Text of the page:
Exercise and Multiple Sclerosis

by Kristy Hoornick |   Date Released : 28 Feb 2008
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Kristy Hoornick

About the author: Kristy Hoornick

Kristy has been active in the fitness industry for over 12 years. Currently, she is the Fitness and Wellness Director at Hutton House, working with adults and youths with disabilities, assisting to develop fitness programs and community workshops. Her goal is to be able to provide information with regards to exercise and disabilities to the community. Kristy is a certified Fitness Instructor, Personal Trainer, Mind Body Specialist, Pre and Post Natal Pro Trainer, Nutrition and Wellness Specialist through Can Fit Pro, and is a certified Fitness Therapist. She has a diploma in Fitness and Wellness and has taken certifications through NESTA, Packard School of Nutrition, ISSA, AAHFRP, Satyarum Yoga, Paul Jerard (Restorative and Kids Yoga Diploma), Stott Pilates Matt and Reformer, East to West Yoga and Pilates, Body Harmonics and more. Kristy has created nine accredited workshops offered through Can Fit Pro and is working on a Pre and Post Natal DVD and an at home video for people to train with if they have a disability. Kristy is an Instructor Trainer for East to West Pilates, Canadian Master Trainer for Yo Wei, yoga and weighted balls, Family Passages Ontario Facilitator offering Pre and Post Natal Courses including Yoga for Fertility and Postpartum Moms, Can Fit Pro Pre and Post Natal Instructor Trainer, and Gait and Posture Analysis Instructor Trainer.

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Comments (3)

Avon, Antoinette | 26 Feb 2013, 03:45 AM

I have just signed on with a client who has MS. Her condition has progressed to the point where she is in a wheelchair and has lost use of her legs. She suffers from muscle spasms in her legs. We will do mainly upper body workouts so she can remain in her chair. We will also do core exercises. She does have some workers in her home that help her stretch everyday. Any suggestions or ideas anyone has would be most appreciated.

Rolnick, Nicholas | 06 Mar 2012, 01:37 AM

Good article, but it seems like you are saying to avoid challenging their balance and stability because they could be potential fall risks. Wouldn't challenging their balance in a controlled setting actually favor their proprioceptive development and help to stabilize them in their home environment? My initial thought with an MS client would be to start initiating balance activities slowly for example single leg balance-->SL balance on airex etc etc. What are your thoughts?

Duboisse, Franck | 14 Nov 2009, 19:59 PM

if you want to check a list of the most recent medical studies done on this subject, look here :

* Ruth McCullag, Anthony P. Fitzgerald, Raymond P. Murphy. Grace Cooke - Long terms benefits on exersizing on quality of live and fatigue in multiple sclerosis patients with mild disability : a pilot study - Clin Rehabil 2008; 22 ; 206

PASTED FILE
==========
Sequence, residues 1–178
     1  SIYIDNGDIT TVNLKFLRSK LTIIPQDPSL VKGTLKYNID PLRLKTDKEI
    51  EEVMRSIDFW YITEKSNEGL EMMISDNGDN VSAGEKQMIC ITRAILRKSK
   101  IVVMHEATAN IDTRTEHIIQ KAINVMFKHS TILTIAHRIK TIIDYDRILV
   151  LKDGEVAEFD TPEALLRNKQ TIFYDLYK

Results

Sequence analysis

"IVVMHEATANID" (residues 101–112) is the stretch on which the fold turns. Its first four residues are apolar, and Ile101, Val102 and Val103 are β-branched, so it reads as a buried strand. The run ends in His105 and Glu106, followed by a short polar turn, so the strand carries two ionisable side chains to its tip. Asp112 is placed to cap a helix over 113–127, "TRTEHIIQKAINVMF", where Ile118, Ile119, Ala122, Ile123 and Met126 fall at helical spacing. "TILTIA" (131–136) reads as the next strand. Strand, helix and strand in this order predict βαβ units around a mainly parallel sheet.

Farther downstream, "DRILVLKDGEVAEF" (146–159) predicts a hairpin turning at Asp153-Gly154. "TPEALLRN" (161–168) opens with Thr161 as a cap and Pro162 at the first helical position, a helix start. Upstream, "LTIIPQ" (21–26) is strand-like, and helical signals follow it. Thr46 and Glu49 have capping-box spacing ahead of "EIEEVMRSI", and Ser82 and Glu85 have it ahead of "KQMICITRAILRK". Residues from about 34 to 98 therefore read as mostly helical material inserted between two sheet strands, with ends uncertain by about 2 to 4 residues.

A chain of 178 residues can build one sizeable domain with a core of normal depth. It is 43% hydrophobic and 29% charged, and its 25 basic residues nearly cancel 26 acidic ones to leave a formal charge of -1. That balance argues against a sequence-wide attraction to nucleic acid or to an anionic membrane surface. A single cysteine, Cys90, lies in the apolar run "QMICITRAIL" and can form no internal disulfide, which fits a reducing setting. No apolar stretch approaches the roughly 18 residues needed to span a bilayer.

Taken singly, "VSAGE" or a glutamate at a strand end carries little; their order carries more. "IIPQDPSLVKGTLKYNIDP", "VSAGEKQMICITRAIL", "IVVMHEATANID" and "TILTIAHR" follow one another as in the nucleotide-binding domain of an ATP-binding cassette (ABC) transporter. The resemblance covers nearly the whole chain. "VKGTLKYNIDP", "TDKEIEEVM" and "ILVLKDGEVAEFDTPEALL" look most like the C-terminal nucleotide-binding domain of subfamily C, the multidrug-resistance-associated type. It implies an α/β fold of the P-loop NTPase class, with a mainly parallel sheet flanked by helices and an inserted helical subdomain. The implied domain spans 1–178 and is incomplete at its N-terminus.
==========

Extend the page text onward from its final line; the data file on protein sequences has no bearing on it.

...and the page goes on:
* MA Newman, H Dawes, M van den Berg, BT Wade, J Burridge and H Izady - Can aerobic training treadmill reduce the effort of walking and fatigue in people with multiple sclerosis : a pilot study - Mult Scler 2007;13;113
* U Dalgas, E Stenager, T Ingemann-Hansen - Multiple sclerosis and physical exercise : recommandation for the application of resistance, endurance, and combined training - Mult Scler OnlineFirst Sept 19, 2007
* Dodd KJ, Taylor NF, Denisenko S, Prasad D. A qualitative analysis of a progressive resistance exercise programme for people with multiple sclerosis. Disabil Rehabil. 2006, 28:1127-34.
* Taylor NF, Dodd KJ, Prasad D, Denisenko S. Progressive resistance exercise for people with multiple sclerosis. Disabil Rehabil. 2006, 28:1119-26.
* Van den Berg M, Dawes H, Wade DT, Newman M, Burridge J, Izadi H, Sackley CM. Treadmill training for individuals with multiple sclerosis: a pilot randomised trial. J Neurol Neurosurg Psychiatry. 2006, 77:531-3.
* Heesen C, Romberg A, Gold S, Schulz KH. Physical exercise in multiple sclerosis: supportive care or a putativedisease-modifying treatment. Expert Rev Neurother. 2006, 6:347-55.
* Romberg A, Virtanen A, Ruutiainen J. Long-term exercise improves functional impairment but not quality of life in multiple sclerosis. J Neurol. 2005, 252:839-45.
* Kileff J, Ashburn A. A pilot study of the effect of aerobic. Clin Rehabil. 2005, 19:165-9.
* Rietberg MB, Brooks D, Uitdehaag BM, Kwakkel G. Exercise therapy for multiple sclerosis. Cochrane Database Syst Rev.b 2005, (1):CD003980.
* Romberg A, Virtanen A, Ruutiainen J, Aunola S, Karppi SL, Vaara M, Surakka J, Pohjolainen T, Seppanen A. Effects of a 6-month exercise. Neurology. 2004, 63:2034-8.
* Surakka J, Romberg A, Ruutiainen J, Aunola S, Virtanen A, Karppi SL, Maentaka K. Effects of aerobic and strength exercise on motor fatigue in men and women with multiple sclerosis: a randomized controlled trial. Clin Rehabil. 2004, 18:737-46.

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